Seeking Synchronicity: Evaluating Virtual Reference Services from User, Non-User, and Librarian Perspectives


The time is right to evaluate virtual reference services (VRS):

  • Web-based library reference services have emerged as vital alternatives to the traditional face-to-face (FtF) or telephone reference encounter.
  • Synchronous, (i.e., chat reference or Ask a Librarian services) and asynchronous (i.e., email) virtual reference services have grown in number and become common features of both public and academic library home pages.
  • Many virtual reference services were initially supported by grant money, but support is running out for many and sustainability is a critical issue in these times of extremely tight budgets, rapidly changing technology, and continually evolving service models.

Beyond sporadic—usually quantitative—data, little is known about the participants in VRS, including characteristics such as:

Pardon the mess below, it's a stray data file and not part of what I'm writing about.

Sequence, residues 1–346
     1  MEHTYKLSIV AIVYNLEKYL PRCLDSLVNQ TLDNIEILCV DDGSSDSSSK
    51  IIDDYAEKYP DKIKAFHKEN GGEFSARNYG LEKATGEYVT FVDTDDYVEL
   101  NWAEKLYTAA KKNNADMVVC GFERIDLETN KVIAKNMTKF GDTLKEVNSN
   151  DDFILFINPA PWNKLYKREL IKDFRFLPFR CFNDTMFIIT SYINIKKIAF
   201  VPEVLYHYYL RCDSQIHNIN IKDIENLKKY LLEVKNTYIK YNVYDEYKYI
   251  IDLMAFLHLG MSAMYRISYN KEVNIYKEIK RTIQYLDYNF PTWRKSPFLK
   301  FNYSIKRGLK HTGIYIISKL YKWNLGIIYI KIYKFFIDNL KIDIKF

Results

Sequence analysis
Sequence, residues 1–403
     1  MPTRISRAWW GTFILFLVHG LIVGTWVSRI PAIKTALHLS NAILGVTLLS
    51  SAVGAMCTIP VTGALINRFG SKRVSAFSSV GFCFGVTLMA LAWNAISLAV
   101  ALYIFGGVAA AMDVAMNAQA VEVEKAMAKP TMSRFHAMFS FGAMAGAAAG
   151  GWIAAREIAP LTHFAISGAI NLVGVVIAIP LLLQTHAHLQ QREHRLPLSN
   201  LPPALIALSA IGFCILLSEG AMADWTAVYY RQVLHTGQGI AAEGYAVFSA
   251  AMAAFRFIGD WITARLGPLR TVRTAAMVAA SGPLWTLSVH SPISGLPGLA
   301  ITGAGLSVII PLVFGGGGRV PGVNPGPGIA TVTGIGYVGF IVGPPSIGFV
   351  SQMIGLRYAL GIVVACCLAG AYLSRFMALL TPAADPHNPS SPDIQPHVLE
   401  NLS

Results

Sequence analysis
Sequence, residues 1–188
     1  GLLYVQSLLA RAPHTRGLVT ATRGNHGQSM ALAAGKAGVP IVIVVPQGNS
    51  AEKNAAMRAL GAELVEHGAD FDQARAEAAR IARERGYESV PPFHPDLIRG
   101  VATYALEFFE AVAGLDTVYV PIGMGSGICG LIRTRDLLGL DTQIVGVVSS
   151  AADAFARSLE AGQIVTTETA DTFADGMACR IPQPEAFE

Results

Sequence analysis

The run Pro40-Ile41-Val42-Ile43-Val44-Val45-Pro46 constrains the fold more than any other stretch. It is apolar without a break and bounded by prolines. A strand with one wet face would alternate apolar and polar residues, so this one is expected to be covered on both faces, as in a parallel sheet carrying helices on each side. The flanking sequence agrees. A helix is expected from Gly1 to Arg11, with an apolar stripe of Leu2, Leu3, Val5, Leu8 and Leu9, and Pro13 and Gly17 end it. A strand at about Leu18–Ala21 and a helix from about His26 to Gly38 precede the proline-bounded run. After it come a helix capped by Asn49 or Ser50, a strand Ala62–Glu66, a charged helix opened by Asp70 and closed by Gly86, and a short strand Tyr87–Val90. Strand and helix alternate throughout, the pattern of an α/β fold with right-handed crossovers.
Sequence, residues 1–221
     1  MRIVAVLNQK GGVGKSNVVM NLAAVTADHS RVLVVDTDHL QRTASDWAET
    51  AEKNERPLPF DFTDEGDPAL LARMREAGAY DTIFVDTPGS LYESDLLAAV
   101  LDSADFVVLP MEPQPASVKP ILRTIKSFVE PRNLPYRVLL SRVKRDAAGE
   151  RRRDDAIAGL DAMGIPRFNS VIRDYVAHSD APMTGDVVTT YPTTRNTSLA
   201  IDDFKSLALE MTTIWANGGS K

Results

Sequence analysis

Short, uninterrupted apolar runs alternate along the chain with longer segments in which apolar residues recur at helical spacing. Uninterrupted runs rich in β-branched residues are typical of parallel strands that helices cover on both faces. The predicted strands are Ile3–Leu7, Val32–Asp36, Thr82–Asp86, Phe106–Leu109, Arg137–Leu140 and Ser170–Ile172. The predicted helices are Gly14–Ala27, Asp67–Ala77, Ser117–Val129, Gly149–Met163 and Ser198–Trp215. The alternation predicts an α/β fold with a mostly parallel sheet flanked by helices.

• how users determine service excellence
  • how users rate satisfaction
  • how and why users choose to use VRS
  • patterns of user behavior
  • librarians' satisfaction with their own performance
  • how librarians determine success and satisfaction

Even less, indeed a negligible amount, is known about non-users of these services and the reasons they do not choose VRS.

See the project proposal (PDF:237K/24pp.) for a detailed discussion of the current research context.

Primary research concept

This international study will:

  • investigate factors that influence the selection and use of synchronous (chat) VRS
  • study user and staff perceptions of satisfaction.

It also seeks to develop research-based recommendations for VRS staff to increase satisfaction.

Research objectives

This study addresses the following research questions that are derived from gaps uncovered in the review of the literature.

  • What are the critical factors that influence users' decisions to select and use VRS? Why do non-users opt to use other means?
  • What are the critical factors that determine users' perceptions of success and satisfaction in VRS?
  • What is the relationship between information delivered/received (task/content) and interpersonal (relational) dimensions of VRS in determining perceptions of satisfaction/success?
  • How do users and librarians differ in their perception of factors critical to their perceptions of success and satisfaction?